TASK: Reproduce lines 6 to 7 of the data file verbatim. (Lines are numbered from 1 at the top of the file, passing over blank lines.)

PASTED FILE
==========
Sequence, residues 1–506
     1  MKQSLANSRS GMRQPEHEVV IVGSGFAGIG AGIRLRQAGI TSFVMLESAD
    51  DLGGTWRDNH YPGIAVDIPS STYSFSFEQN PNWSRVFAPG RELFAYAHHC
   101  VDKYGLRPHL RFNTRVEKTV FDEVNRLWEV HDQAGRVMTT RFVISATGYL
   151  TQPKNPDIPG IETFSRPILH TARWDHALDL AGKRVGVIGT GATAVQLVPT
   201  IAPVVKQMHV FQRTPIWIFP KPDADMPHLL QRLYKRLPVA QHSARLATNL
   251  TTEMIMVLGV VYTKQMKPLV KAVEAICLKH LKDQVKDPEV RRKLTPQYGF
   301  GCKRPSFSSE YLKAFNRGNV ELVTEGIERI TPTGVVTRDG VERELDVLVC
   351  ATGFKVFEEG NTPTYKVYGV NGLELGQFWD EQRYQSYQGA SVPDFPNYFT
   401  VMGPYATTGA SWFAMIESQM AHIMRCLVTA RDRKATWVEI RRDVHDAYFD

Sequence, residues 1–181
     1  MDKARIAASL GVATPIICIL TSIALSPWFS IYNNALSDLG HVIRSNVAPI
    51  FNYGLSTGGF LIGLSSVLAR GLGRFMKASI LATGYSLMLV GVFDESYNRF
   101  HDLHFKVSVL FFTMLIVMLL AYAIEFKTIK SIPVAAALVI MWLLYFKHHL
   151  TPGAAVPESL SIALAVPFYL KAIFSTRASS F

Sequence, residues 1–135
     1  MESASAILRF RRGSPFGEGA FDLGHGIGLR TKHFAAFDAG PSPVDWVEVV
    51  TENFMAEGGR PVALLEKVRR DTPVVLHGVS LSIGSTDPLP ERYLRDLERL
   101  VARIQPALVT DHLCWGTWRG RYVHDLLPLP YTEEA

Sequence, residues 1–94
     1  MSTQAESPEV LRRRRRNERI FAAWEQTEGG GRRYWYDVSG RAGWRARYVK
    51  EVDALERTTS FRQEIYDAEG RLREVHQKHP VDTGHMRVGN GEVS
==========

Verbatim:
   201  IAPVVKQMHV FQRTPIWIFP KPDADMPHLL QRLYKRLPVA QHSARLATNL
   251  TTEMIMVLGV VYTKQMKPLV KAVEAICLKH LKDQVKDPEV RRKLTPQYGF